Few weeks ago, I release the version 1.3 of the LINQ to SharePoint DSL Extension. In this version, I introduced a new feature to generate automatically a repository layer pattern from a LINQ to SharePoint data model. You can find 3 tutorials about this feature in my previous post:
This generator is only a T4 file (TT), and this file can generate automatically in Visual Studio some code. It means that it’s really easy to implement your own generator in your projects. If you do that, you can generate anything that you want from a LINQ to SharePoint data model. Your model (l2sp) file could be the input of some code generation. For the next versions, I’m thinking about new TT items to add in the project, like for example a “Repository light pattern” (same pattern but without the helpers methods). If this post, I will try to explain you how to develop your own code generator from a LINQ to SharePoint data model.
Please note that this tutorial is not about the basics of the T4 programmation, if you don’t know this technology or if you need more information about it, you can read the MSDN section about Code Generation and T4 Text Templates.
How is it working ?
First, you need to understand that all the objects that you manage in your model (lists, content types, enumerations, mapped properties, etc.) are constructed as an object model. It means that you can load in objects an existing data model contained in a L2SP file. In a TT file in Visual Studio, it’s really easy thanks to the “DSL directive processor”.
For example, create a new LINQ to SharePoint data model in your project if you don’t have it (read this tutorial if you need to know how to do that). Now add a new TT file in a Visual Studio 2010 project (right click on the project name, Add and Add new item) :
Click on the Add button.
A new T4 file is created with the following content:
<#@ template debug=”false” hostspecific=”false” language=”C#” #>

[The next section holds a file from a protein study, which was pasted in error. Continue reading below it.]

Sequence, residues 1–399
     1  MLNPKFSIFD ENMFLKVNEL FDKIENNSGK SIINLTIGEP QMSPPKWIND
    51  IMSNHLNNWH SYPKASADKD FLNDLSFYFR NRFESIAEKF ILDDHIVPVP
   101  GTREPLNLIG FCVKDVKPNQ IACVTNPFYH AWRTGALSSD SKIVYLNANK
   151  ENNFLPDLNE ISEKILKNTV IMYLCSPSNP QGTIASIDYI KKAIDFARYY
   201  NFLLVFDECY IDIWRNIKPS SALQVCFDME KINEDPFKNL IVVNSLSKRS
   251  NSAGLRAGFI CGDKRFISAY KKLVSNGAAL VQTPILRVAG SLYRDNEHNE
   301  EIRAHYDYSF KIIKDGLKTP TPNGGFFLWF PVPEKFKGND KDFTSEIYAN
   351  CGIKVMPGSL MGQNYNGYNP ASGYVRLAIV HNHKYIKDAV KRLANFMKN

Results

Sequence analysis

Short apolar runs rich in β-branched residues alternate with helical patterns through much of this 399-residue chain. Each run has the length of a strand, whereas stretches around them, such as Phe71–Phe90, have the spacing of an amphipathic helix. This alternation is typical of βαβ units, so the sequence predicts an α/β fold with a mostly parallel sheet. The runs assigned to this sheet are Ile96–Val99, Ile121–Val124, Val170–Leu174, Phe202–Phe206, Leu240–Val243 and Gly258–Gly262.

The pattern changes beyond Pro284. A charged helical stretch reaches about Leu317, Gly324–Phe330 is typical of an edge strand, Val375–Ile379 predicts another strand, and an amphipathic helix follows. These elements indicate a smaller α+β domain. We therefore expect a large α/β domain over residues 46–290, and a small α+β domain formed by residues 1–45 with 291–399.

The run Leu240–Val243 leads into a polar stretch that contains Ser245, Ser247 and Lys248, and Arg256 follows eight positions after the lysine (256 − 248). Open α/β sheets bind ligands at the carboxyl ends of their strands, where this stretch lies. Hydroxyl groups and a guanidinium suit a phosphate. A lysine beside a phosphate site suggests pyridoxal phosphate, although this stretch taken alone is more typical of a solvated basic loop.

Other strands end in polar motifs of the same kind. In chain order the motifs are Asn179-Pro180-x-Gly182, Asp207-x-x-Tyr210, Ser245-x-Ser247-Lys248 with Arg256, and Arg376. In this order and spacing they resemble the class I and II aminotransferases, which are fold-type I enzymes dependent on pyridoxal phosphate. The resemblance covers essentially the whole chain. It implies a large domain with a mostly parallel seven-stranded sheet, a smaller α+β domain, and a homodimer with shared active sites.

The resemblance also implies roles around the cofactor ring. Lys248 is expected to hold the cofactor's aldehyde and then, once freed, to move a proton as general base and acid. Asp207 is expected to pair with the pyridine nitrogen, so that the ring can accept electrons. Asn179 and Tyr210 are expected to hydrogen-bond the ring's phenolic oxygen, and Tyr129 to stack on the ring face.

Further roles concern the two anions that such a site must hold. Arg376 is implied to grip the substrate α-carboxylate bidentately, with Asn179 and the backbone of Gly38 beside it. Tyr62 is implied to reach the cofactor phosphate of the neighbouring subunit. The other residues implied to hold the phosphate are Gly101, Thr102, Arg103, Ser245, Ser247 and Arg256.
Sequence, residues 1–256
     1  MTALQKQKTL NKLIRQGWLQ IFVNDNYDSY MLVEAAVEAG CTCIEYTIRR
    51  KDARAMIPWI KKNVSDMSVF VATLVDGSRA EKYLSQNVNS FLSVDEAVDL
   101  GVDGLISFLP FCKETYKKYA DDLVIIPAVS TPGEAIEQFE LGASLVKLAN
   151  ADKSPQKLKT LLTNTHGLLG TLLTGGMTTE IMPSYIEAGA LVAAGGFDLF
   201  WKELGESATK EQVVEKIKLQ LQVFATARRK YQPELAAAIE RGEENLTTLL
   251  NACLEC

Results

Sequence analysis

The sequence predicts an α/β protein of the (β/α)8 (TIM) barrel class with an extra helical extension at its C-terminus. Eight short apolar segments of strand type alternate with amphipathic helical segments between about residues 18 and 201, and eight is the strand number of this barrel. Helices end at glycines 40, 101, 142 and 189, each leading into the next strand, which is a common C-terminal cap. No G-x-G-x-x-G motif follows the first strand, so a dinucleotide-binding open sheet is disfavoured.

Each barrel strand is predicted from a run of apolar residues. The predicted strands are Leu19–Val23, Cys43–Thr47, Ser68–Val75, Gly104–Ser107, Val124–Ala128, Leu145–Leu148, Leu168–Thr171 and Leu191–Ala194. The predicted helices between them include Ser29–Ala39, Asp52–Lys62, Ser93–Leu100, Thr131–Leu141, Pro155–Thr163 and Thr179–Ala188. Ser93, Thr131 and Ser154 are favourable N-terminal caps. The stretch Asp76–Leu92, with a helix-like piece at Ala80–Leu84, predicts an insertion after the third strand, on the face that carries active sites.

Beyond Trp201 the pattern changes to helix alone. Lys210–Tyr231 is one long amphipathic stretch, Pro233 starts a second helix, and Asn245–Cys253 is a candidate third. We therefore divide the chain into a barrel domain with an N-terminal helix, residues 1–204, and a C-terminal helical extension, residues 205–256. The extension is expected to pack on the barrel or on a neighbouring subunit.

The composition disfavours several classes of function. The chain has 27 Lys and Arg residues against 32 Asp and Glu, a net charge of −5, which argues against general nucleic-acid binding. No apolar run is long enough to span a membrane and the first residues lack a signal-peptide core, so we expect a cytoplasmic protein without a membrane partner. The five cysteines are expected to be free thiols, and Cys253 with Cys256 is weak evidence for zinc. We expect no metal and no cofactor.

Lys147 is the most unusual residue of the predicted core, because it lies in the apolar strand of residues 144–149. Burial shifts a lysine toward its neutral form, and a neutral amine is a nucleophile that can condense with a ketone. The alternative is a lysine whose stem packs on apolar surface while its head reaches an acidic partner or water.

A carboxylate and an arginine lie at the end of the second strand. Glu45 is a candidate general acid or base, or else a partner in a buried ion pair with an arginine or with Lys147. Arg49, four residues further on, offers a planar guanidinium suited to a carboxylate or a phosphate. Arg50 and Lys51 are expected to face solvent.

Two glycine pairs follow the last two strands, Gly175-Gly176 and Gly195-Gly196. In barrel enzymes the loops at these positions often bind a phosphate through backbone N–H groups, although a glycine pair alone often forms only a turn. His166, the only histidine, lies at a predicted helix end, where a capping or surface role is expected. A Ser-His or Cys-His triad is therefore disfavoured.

<#@ output extension=”.txt” #>
You can remark that this text template will generate a text file as output, and that this generated file is attached with your generator:
Now erase all the content of your tt file, and replace it by this new code:
<#@ template inherits=”Microsoft.VisualStudio.TextTemplating.VSHost
<#@ output extension=”cs” #>
<#@ Linq2SharePointDsl processor=”Linq2SharePointDslDirectiveProcessor” requires=”fileName=’YourModel.l2sp‘” #>
Change the value of the “filename=” attribute by the relative path from this file to the l2sp schema that you want to use. Be sure that the path to this file is good, and save your TT file. If the generation is succedded, now the text file has been replaced by a C# file:
Now you are ready to generate what you want from this model. Indeed, the line containing the reference to the L2SP file automatically loaded the content to tranform it in objects in the current context
In fact, the collection is already loaded in your TT context, and you can browse the model elements through the “this.Linq2spModel.Elements” property.
A simple sample
For example, if you want to write in your CS file all the lists contained in a LINQ to SharePoint Data Model, you can write the following code:
<#@ template inherits=”Microsoft.VisualStudio.TextTemplating.VSHost.ModelingTextTransformation” hostspecific=”true” #>
//This text is generated from a custom TT file
For my model, the result of this template file is:
To conclude, it’s easy to implement some generators from an input LINQ to SharePoint model. This tip can help you to generate anything you want from elements contained in a schema. A complete class documentation about the object model of the L2SP content will be available online soon.
If you want to write some useful generators and share it with the community, please send it to me, I could be interested to redistribute it by default with the extension.